The charter is a heavily amended version of a constitution written by Morsi's Islamist allies and ratified in December 2012 with some 64 percent of the vote, but with a nationwide turnout of just over 30 percent.
The current government is looking for a bigger "yes" majority and larger turnout to win undisputed legitimacy and perhaps a popular mandate for el-Sissi to run for president. El-Sissi has yet to say outright whether he plans to seek the nation's highest office, but his candidacy appears increasingly likely every day.
"The constitution is not perfect," said Ameena Abdel-Salam after she cast her ballot in Cairo's upscale Zamalek district. "But we need to move forward and we can fix it later."
Illustrating the high stakes, the government and the overwhelmingly pro-military media have portrayed the balloting as key to the nation's security and stability. Hundreds of thousands of fliers, posters, banners and billboards have urged Egyptians to vote "yes," while anyone displaying posters calling for a "no" vote risked arrest.
Long lines of voters began to form nearly two hours before polling stations opened in some Cairo districts, including Imbaba, where the blast outside the courthouse instantly whipped up anti-Brotherhood sentiment, with chants and shouting against the Islamist group.
The mood was generally upbeat, hostile toward the Brotherhood and hopeful that the charter would bring better days. In Cairo, a group of women voters sang the national anthem as well as patriotic songs dating back to the 1960s. "El-Sissi is my president," they chanted as some jubilantly ululated. A video clip posted on social networks showed women wearing the Muslim veil dancing outside a polling station to a popular song praising the coup that ousted Morsi.
In Assiut, a stronghold of Islamists and home to a large Christian community south of Cairo, voters posed with posters of el-Sissi next to Tawadros II, the Coptic Orthodox pontiff, as patriotic songs blared from speakers.
Many of Assiut's Christians have complained that Islamists, through intimidation and outright violence, prevented them from voting on the Islamist-backed constitution in December 2012. Not this time, they said.
"This time, we are not afraid of anyone," 30-year-old Heba Girgis said after casting her ballot. "Last time we were not heard. This time we said `yes' and our `yes' will prevail."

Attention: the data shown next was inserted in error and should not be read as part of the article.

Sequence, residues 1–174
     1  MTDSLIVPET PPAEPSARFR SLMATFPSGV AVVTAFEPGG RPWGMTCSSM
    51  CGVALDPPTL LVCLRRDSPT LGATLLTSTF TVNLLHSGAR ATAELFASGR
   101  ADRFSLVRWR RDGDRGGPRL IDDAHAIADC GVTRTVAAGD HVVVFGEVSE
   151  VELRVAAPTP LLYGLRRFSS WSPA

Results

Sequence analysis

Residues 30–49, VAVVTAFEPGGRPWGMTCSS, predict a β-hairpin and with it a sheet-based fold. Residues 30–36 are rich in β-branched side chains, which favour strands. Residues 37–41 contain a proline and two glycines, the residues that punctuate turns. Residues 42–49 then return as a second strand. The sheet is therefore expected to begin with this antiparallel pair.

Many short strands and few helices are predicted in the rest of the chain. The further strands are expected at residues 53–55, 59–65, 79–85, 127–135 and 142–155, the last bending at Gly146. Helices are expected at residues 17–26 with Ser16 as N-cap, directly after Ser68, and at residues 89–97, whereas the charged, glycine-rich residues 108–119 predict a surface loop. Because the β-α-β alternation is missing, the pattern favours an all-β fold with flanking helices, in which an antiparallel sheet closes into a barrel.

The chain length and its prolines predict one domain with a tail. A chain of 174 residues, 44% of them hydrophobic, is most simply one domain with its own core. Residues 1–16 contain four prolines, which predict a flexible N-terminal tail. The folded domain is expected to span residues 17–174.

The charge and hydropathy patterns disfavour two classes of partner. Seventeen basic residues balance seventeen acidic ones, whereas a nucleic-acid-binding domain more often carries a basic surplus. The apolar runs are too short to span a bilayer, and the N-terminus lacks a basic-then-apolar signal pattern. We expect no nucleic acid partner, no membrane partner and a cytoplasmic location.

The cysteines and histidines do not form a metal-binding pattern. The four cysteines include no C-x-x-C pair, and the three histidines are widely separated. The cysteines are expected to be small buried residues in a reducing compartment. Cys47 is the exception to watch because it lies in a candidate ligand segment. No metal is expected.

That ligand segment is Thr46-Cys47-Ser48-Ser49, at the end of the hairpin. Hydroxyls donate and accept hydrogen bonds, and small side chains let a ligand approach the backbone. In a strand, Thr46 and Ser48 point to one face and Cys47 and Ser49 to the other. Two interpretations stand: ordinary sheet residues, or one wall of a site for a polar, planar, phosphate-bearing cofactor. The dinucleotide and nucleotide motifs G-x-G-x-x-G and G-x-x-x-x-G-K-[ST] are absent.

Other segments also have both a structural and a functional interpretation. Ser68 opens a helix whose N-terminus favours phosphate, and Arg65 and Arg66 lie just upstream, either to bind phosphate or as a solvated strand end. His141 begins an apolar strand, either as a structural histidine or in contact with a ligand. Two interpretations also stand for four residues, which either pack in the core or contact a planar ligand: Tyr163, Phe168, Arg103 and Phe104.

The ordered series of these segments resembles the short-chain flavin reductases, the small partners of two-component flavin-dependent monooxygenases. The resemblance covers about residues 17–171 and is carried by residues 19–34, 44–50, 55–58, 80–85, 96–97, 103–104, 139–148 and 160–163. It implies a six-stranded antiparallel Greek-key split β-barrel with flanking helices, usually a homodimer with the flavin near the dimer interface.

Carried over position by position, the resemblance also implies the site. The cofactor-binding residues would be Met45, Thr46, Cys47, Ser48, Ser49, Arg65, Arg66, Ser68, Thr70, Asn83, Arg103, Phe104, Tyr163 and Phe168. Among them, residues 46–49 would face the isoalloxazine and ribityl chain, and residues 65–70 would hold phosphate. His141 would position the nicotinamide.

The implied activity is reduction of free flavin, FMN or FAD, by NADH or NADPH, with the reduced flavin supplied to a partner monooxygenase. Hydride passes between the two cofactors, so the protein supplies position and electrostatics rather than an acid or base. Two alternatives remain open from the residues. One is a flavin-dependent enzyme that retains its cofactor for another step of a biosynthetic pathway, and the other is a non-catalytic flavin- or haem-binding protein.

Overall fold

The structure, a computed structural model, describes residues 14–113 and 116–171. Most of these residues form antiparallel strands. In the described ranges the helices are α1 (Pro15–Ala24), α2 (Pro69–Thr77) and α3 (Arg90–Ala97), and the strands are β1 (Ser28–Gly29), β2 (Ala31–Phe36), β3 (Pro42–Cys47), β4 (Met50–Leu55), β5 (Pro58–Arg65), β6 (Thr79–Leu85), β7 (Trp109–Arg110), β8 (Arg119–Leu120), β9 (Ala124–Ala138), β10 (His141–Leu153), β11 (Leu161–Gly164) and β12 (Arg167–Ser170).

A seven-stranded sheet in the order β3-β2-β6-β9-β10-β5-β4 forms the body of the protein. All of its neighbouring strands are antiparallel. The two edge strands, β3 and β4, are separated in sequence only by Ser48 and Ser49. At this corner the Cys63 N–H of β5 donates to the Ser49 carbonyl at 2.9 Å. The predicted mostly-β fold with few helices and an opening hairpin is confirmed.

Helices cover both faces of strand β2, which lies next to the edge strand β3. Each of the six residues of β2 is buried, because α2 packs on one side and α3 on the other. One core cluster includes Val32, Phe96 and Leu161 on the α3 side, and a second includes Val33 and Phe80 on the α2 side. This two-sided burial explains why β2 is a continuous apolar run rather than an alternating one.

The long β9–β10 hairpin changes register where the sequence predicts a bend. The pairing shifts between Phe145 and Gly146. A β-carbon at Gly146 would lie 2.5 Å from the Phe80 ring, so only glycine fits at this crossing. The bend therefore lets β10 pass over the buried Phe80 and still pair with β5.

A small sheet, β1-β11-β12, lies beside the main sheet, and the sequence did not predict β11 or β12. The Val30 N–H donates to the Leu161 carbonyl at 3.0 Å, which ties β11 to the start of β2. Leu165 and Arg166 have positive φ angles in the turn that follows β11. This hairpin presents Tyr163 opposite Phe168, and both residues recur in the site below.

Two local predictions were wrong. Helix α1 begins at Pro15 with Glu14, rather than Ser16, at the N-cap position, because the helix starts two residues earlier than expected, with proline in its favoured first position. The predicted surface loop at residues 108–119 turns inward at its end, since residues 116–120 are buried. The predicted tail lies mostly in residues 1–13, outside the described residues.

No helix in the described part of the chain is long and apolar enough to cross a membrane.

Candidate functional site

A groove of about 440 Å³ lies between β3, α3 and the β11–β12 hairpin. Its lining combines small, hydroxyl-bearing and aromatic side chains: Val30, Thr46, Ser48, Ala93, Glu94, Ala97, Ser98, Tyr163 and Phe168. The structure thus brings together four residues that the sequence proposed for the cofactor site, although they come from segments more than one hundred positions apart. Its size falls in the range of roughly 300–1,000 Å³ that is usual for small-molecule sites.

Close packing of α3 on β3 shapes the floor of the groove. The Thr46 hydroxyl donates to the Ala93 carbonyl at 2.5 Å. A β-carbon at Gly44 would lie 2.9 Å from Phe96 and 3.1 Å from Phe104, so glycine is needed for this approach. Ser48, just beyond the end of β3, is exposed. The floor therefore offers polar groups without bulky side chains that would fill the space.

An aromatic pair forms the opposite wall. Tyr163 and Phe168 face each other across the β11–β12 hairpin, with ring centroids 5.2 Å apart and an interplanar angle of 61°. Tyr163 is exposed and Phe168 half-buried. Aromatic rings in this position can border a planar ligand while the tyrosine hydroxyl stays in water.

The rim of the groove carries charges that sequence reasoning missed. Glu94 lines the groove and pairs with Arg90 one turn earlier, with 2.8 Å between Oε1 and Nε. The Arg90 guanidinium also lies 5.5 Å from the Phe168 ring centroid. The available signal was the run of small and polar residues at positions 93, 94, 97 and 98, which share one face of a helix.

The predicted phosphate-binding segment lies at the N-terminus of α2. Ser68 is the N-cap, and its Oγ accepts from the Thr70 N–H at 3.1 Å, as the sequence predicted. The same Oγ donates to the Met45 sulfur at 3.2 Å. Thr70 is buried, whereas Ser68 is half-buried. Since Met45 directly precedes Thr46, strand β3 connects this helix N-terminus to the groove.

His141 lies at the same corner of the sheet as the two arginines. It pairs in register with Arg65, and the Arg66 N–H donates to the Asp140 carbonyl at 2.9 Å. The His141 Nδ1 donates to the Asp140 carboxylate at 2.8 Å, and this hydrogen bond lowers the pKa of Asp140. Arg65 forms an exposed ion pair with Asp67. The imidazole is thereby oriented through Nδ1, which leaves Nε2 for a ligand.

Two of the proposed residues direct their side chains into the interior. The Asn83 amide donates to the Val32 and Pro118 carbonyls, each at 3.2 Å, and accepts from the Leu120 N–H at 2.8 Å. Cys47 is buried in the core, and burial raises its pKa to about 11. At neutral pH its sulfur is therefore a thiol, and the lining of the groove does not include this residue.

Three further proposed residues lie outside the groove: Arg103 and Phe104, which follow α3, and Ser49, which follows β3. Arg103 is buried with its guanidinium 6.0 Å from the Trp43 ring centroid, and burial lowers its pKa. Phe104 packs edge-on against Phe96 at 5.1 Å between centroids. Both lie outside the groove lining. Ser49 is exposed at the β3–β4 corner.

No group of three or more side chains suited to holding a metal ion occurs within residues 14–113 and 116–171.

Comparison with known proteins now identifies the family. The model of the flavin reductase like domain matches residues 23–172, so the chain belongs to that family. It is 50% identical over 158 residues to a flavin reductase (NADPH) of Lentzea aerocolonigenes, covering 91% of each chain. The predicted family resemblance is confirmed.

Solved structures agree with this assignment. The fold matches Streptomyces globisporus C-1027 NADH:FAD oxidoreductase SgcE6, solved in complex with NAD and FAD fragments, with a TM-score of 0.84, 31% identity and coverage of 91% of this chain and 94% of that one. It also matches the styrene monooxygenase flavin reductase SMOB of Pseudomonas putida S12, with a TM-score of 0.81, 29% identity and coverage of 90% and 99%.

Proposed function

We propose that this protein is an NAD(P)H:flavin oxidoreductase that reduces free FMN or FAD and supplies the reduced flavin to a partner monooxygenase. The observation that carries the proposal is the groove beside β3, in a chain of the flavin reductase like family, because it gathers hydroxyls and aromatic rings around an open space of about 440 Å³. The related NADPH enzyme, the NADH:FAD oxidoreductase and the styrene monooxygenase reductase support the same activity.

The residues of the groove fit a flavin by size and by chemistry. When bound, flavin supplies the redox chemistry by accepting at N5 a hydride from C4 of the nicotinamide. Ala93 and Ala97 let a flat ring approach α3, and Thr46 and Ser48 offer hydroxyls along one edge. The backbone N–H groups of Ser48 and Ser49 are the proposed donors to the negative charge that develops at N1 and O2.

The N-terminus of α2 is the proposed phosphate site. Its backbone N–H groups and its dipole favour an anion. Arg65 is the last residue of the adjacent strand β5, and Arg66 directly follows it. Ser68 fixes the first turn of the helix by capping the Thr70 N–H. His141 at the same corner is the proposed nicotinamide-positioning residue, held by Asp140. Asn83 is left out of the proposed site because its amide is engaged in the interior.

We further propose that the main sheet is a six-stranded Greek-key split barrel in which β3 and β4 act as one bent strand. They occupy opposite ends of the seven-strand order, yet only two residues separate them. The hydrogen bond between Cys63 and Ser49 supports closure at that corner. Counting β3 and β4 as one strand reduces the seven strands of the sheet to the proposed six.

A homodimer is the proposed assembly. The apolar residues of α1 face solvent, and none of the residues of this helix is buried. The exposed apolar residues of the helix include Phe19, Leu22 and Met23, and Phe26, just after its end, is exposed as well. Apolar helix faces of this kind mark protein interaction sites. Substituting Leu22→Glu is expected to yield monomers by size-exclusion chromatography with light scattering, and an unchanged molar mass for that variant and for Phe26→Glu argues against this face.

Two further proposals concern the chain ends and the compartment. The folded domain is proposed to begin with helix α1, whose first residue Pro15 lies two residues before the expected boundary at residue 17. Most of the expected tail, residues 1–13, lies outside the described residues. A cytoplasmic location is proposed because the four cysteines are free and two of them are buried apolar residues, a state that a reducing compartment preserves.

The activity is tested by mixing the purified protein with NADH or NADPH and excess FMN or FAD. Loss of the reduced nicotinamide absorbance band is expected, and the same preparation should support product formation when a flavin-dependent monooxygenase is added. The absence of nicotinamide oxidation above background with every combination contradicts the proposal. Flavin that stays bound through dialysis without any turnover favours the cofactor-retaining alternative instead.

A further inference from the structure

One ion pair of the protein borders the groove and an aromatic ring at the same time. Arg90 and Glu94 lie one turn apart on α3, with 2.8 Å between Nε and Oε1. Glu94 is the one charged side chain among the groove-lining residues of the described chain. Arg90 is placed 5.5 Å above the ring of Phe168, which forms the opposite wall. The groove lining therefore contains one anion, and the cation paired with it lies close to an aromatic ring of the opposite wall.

Manal Hussein, who comes from a village below the Giza Pyramids plateau west of Cairo, wore a dress in the red, black and white colors of the national flag. Her daughter wore an Islamic veil in the same colors.
"This vote brings to an end the era of the Brotherhood, who divided us and turned family members against each other," Hussein said. Outside a nearby polling station, 67-year-old Alaa al-Nabi Mohammed echoed a similar sentiment -- that Egyptians have consigned Morsi and the Brotherhood's yearlong rule to the past.
"I am here to send a message to the world ... that we want to live and get our country back on its feet," he said.
Clashes with security forces appeared designed to create tension and a sense of insecurity.
In several semi-rural localities on Cairo's outskirts, the tactic appeared to work. Lines outside polling stations were short and an atmosphere of apathy appeared to prevail. In some instances, residents said they have been repeatedly warned by local Brotherhood leaders against voting. In more extreme cases, Morsi supporters pelted polling stations with rocks and sprayed them with gunfire on Tuesday, enough to scare voters away.
In Kirdassa, one of those Brotherhood strongholds near Cairo, turnout was weak.
"This is a place that is 80 percent Brotherhood, so what do you expect?" accountant and local resident Mohammed Mohammadi said. "They have been staging rallies nightly to urge people to vote `no."'
Meanwhile, a spending bill in the U.S. Congress would restore $1.5 billion in aid to Egypt, but only on condition that the Egyptian government ensures democratic reform.
The bill links the $1.3 billion in military aid and $250 million in economic aid to Egypt's sustaining its security relationship with the U.S. and abiding by the Egypt-Israeli peace pact.
A Senate Appropriations Committee summary of the bill said some of the aid would be given only if Egypt supports a democratic transition and holds democratic elections. The U.S. cut hundreds of millions of dollars in aid to Egypt in October in response to the military coup that overthrew the Cairo government and to a crackdown on protesters.